We went to all the extra school functions, we participated in so many church functions, we were involved in numerous community programs, Dave was coaching 3 sports, and I was leading and speaking for a number of classes, workshops, and events every month.
- We were excited about it all and truly enjoyed spending our time this way.
- We had the skills to do everything well.
- We were in the “DINK” season of life (dual income, no kids) with tons of discretionary time to devote to these extra activities.
Then we had 4 children in 5 years and cut WAY back on our “yeses” (for a season).
Now, with older, more self-sufficient children, we’re in another season of heavy volunteering. However, we volunteer for the things our children are most interested in.
- Dave was an assistant coach for Simon’s football team and will be for James’ basketball team.
- I’m the aide for the 6th-grade teachers and help out with middle school hot lunch, so I see Nora at school every week.
- I’m the room mom for 2 of the kids’ classes so I get to hang out with them and their teachers throughout the year.
- I’m helping out with Robotics tournaments for Nora’s team.
- Dave and I both lead Sunday School at church — and all 4 kids participate.
- I direct the children’s choir all 4 of our kids are in.
We are doing things we feel passionate about, using our gifts and skills, and doing it in a way that meshes so well with our current season of life — parenting 4 middle-aged kids.
In another 5 years, things might look very different for our family — but this works for our current season.
bonus question: Does this need me?
There have been times in my life when I’ve honestly answered “no” to questions #1 and #3… but knew I needed to say “yes” to the request because I had the skills (#2) and the project needed me.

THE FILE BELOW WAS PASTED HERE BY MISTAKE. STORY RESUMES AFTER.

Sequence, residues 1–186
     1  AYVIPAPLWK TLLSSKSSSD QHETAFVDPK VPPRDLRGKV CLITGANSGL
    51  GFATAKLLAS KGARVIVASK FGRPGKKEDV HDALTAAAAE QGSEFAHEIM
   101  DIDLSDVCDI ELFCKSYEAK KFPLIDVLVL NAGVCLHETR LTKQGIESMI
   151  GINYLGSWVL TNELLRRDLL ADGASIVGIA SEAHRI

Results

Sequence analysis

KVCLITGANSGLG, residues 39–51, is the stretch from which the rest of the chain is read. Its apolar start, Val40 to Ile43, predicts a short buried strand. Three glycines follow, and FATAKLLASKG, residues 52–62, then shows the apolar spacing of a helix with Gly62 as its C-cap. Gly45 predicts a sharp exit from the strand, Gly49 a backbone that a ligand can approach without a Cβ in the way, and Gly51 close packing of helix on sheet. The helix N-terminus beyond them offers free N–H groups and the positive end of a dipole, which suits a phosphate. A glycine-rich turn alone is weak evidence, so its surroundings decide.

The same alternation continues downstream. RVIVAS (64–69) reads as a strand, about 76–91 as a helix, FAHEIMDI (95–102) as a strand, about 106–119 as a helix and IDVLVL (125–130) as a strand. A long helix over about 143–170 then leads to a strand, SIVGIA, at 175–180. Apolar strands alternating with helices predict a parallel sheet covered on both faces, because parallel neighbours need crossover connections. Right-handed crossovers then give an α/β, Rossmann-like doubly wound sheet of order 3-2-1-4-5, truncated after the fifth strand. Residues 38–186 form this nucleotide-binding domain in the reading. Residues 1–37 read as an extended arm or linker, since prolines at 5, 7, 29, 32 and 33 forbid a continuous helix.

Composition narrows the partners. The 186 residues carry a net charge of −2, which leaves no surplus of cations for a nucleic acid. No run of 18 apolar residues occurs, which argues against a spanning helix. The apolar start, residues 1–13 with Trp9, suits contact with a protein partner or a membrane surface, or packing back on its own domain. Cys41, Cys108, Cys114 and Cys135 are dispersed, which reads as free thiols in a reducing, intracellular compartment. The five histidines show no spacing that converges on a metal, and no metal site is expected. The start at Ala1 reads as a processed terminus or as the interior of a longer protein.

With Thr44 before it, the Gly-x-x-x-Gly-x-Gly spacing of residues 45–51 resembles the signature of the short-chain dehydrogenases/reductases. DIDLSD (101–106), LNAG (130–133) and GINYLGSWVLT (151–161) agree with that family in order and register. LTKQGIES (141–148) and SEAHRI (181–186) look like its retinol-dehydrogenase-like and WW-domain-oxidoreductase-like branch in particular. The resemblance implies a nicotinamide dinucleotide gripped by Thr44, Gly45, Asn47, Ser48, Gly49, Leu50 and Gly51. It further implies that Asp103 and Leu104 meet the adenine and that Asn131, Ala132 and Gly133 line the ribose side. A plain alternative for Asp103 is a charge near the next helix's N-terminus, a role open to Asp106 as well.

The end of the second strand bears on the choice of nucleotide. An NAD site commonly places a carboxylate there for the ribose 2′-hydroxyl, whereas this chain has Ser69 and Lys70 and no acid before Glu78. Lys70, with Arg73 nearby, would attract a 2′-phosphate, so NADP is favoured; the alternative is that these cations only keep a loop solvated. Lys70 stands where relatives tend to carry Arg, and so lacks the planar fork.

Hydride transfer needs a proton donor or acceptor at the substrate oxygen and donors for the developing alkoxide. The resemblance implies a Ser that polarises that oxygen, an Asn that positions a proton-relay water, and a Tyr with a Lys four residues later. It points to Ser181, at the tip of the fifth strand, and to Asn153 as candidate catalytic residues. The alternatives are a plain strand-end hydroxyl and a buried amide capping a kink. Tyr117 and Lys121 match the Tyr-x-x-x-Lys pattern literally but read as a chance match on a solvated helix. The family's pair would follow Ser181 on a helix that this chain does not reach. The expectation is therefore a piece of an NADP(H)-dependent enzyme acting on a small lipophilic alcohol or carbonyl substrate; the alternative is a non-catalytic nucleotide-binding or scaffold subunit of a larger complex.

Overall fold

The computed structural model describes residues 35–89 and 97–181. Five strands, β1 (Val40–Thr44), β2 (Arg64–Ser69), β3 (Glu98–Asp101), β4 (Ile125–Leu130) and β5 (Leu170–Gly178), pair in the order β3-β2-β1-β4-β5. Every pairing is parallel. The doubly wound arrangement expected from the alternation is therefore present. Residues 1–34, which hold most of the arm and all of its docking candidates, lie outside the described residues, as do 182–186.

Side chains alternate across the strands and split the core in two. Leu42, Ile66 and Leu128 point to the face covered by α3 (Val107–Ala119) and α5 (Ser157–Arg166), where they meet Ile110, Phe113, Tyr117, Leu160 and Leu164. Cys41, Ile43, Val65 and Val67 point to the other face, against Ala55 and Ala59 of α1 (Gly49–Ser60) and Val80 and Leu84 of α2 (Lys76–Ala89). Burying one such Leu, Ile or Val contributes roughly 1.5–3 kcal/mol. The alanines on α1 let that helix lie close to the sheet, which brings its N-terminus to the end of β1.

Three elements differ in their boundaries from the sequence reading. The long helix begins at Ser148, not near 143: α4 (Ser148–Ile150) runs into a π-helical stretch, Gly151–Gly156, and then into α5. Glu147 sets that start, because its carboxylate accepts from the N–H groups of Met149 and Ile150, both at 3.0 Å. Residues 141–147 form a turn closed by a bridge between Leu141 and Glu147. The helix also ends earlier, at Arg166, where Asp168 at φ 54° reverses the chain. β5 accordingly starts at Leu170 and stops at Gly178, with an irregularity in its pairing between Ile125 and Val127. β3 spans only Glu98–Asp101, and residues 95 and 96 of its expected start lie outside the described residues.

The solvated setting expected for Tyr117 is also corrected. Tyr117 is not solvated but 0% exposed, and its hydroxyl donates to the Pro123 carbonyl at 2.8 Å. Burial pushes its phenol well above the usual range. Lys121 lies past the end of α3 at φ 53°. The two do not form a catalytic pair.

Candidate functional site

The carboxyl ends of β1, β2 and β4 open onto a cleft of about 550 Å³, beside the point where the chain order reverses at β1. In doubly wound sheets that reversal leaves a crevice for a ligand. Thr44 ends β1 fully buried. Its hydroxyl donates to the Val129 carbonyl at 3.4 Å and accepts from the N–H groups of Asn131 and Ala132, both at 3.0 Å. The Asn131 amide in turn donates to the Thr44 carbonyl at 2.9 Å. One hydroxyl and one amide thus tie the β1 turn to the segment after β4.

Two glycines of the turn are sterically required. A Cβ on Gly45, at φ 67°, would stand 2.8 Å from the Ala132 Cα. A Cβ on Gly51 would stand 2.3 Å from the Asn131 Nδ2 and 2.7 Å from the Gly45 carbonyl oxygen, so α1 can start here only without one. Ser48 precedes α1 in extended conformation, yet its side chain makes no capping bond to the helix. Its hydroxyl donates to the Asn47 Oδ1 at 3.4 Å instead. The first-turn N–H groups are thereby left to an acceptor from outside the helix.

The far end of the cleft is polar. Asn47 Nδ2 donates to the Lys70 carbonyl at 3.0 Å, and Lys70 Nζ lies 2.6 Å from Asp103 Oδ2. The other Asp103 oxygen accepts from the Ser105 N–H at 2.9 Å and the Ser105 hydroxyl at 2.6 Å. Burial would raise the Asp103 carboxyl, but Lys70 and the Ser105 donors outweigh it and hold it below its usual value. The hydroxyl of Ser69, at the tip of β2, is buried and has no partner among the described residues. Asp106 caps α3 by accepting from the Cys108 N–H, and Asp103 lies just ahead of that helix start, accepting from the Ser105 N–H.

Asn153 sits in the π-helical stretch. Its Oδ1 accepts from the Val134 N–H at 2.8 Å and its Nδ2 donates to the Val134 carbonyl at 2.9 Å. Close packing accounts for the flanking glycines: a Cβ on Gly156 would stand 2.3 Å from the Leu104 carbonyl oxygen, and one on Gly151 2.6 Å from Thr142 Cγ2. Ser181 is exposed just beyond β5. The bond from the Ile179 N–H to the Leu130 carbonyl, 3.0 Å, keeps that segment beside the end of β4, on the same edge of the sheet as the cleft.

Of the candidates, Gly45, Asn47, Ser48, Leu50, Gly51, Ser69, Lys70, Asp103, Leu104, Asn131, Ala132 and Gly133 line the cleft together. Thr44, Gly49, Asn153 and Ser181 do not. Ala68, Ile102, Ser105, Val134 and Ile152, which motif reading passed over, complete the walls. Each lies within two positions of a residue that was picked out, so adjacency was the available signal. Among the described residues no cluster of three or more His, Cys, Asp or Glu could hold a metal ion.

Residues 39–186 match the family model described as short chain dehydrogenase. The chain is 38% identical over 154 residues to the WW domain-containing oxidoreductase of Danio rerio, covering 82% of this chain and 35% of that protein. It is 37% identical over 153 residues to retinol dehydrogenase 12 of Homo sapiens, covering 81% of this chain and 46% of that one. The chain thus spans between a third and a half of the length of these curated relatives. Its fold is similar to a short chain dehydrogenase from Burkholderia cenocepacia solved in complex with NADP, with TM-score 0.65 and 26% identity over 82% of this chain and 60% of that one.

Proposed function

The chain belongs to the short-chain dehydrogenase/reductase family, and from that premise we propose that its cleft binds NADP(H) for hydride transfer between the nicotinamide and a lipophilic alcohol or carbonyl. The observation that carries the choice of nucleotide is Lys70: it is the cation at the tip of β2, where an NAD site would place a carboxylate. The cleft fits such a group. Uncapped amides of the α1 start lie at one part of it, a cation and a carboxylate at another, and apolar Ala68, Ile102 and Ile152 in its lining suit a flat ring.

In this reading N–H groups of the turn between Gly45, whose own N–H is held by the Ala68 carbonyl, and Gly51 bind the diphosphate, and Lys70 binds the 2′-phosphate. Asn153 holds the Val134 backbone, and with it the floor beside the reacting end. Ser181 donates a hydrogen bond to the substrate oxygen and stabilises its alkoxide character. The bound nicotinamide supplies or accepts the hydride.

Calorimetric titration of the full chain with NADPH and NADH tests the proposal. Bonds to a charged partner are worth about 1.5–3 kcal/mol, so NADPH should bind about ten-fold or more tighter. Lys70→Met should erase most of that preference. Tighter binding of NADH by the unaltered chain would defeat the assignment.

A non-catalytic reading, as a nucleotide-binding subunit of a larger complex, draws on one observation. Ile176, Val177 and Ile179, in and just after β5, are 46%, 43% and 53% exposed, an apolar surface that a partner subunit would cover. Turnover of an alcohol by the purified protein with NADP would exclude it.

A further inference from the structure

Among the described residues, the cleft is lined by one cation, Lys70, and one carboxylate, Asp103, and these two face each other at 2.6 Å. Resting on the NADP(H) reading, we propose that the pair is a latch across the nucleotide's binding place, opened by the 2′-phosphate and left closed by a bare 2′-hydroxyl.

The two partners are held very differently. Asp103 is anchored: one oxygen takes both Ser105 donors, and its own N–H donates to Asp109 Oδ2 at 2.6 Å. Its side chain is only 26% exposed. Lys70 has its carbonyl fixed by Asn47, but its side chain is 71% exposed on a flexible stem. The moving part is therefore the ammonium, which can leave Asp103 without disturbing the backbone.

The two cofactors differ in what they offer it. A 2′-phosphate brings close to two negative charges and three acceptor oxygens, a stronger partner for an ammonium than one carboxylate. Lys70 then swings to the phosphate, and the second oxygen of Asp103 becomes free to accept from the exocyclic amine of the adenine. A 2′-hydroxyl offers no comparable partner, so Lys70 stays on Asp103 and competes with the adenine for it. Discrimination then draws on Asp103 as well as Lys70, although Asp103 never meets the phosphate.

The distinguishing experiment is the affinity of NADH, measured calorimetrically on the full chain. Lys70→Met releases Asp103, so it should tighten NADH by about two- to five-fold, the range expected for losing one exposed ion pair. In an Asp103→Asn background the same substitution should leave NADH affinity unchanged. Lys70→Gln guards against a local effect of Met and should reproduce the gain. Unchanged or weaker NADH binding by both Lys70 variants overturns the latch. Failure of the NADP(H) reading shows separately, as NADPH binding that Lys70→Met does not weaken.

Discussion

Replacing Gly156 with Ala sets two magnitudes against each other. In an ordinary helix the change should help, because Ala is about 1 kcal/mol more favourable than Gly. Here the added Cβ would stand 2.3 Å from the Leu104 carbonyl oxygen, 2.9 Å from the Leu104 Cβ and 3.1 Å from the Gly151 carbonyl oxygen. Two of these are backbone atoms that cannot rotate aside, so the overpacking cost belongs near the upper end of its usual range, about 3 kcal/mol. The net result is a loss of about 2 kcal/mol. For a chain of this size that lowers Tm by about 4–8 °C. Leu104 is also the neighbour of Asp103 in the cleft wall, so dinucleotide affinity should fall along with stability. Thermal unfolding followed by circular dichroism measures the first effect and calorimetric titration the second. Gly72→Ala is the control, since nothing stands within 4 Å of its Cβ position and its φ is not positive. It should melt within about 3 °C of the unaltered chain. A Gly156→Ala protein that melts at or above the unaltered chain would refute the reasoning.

No one else stepped up to do it, and even though I wasn’t necessarily excited about doing it nor was it the best season of life for me, I had the specific skills to do it and it just needed to be done.
HOWEVER, this bonus question comes with a big caveat… just because no one else is stepping up to do it, doesn’t automatically make it YOUR problem to solve.
Several months ago, I was asked to help out with something at the kids’ school (something I’ve always volunteered for in the past, but intentionally decided not to do this year). I felt pressured to “give in” when no one else stepped up, but I wasn’t excited about it, it wasn’t a great season for me, I was already volunteering in so many other areas, and even though I had the skills to do it well, the project did not need me specifically. Any parent could have stepped into this role immediately.
I ultimately said “not this year” and I initially felt bad. But now, halfway into the school year, I’m so thankful I didn’t give in to the pressure to say “yes”. There’s always next year!
Answering these questions (often mentally in just a few seconds) helps put things in perspective and allows me to honestly evaluate whether saying “yes” is the best answer for me and for my family in our current season of life.
Hopefully these questions will save you a bit of stress and heartache as well!